Instagram’s word embedding model looks at seed accounts – accounts users have interacted with in the past – looks for accounts similar to them, and selects 500 pieces of content. These pieces of content are then filtered to remove spam and ranked by their probability of the user interacting with them. And even then, only the top 25 of these content pieces reaches the user’s Explore page.
It sounds like a long-winded process, but this machine learning model is running every second for every user of the platform, ingesting millions of data points to make it work effectively.
But how does Instagram actually compare and match content accurately if all it has to go off is images and videos?
Powerful, AI-driven image recognition
The answer is with well-trained, AI-powered image-recognition software that captures granular data from every post to inform Instagram’s word embedding model.
Meta – the parent company of Instagram – uses its highly-powerful image-recognition software to identify unique qualities in content, such as the types of objects, colours, locations, people, and even facial expressions found in images and videos.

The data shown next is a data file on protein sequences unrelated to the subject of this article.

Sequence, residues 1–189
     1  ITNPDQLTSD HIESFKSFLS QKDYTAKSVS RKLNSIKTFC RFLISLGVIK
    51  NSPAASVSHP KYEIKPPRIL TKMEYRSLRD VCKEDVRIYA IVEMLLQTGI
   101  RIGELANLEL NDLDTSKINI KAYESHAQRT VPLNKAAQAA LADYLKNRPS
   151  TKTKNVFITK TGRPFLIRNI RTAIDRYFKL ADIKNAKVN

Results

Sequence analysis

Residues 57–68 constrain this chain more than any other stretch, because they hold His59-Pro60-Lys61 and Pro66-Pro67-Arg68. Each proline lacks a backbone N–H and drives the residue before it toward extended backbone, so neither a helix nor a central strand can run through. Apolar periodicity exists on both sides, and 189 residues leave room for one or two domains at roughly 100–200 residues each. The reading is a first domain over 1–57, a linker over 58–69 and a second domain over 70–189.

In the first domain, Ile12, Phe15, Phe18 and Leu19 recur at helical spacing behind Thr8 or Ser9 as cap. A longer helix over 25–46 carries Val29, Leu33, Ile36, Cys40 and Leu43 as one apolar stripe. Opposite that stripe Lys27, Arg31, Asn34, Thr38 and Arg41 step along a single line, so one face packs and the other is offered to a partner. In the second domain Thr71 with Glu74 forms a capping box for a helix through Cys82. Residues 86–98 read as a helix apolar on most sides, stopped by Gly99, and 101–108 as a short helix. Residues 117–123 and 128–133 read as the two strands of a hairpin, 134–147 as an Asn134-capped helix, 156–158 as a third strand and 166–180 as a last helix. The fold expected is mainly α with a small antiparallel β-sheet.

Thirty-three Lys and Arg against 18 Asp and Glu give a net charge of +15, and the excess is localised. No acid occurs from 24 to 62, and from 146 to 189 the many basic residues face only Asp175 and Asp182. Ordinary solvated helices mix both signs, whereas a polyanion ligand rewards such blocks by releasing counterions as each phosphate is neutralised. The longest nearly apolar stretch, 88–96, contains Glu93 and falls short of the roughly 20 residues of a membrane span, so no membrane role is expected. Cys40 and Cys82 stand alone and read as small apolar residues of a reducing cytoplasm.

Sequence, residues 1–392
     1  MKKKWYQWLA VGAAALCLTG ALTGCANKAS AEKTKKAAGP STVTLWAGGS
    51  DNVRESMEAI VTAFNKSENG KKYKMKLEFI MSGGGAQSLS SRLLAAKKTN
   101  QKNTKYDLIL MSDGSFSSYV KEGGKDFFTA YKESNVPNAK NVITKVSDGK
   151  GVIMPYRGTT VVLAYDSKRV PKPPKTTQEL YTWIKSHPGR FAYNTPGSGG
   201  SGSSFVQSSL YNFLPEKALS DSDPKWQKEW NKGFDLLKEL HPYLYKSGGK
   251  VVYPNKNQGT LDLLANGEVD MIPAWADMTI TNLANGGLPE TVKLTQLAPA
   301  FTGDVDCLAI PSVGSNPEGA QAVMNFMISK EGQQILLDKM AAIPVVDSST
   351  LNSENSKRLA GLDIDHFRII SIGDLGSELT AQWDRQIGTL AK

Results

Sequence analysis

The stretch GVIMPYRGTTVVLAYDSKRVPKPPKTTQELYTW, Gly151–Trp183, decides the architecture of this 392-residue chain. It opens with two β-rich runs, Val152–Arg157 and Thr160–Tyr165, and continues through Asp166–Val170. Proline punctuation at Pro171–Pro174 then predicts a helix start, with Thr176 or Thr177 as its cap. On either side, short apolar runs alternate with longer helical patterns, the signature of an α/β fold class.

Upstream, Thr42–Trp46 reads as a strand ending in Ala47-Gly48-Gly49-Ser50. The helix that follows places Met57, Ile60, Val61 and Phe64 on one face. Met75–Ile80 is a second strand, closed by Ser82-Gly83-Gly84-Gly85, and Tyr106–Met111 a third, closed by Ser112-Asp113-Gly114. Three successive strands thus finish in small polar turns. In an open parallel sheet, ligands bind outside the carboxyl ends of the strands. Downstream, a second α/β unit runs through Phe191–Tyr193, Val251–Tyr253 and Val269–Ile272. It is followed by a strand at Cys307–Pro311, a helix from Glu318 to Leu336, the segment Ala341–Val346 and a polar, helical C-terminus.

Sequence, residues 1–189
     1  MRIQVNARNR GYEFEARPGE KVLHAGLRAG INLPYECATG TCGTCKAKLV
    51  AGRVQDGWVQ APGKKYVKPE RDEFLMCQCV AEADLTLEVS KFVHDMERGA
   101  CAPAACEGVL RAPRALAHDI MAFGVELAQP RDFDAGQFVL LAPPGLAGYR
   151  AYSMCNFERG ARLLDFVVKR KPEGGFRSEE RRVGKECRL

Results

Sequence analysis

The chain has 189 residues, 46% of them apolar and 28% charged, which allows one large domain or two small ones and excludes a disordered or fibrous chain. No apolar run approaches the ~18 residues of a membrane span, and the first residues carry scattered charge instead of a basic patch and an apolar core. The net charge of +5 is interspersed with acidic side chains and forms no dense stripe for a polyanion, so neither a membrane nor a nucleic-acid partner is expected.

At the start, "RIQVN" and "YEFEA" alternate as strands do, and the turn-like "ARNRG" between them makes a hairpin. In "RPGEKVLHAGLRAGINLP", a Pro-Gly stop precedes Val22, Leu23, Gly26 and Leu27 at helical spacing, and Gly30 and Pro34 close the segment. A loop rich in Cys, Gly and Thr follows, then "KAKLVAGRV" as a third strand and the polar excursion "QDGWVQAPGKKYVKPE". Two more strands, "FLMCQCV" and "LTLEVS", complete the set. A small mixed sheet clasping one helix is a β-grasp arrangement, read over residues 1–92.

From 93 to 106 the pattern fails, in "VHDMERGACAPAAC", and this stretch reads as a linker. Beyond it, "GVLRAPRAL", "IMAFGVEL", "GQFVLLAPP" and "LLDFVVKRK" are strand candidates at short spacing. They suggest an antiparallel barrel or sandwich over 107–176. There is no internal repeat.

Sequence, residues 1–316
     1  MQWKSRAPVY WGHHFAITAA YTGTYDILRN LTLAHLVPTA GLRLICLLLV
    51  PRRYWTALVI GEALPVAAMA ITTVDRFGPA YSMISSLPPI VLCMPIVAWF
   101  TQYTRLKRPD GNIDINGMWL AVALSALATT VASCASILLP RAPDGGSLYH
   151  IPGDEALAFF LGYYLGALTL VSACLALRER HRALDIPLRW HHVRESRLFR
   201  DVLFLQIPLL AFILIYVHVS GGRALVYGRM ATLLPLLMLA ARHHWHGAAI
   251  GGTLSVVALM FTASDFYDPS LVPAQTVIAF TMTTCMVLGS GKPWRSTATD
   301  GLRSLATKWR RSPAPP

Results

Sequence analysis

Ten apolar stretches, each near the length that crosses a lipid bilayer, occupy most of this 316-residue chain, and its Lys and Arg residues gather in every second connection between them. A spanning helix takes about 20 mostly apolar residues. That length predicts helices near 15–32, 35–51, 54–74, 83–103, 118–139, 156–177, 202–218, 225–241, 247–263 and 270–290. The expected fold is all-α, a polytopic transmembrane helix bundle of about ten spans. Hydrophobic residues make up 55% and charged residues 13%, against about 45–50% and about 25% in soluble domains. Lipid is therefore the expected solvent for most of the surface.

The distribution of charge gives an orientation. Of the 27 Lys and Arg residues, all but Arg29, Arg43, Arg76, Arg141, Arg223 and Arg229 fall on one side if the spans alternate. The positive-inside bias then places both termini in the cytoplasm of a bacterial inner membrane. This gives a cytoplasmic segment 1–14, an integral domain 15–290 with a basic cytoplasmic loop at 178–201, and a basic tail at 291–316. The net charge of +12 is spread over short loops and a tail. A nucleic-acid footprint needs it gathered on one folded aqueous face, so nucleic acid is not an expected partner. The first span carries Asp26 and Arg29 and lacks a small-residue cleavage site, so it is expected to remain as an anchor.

Most of the time, this all happens behind the scenes to help curate the perfect feed for every user. But one time just a few years ago, everybody got a peek behind the curtain at how Instagram’s algorithm finds the right content for them.
When Instagram briefly crashed in June 2019, Instagram users saw the image-recognition metadata that’s used to help curate their feeds, instead of the actual content itself. Users’ posts simply appeared as blue text in grey squares, reading:
- “Image may contain: One person smiling, close up”
- “Image may contain: Night, Sky, Outdoor”
- “Image may contain: Cat, Cup of Coffee, Sun”
And millions of other combinations. For many users, it was just a short, frustrating period where they couldn’t use the platform. But for those interested in the power of data science, it was a fascinating look at how Instagram knows the interests of its users.
Engagement monetised at every step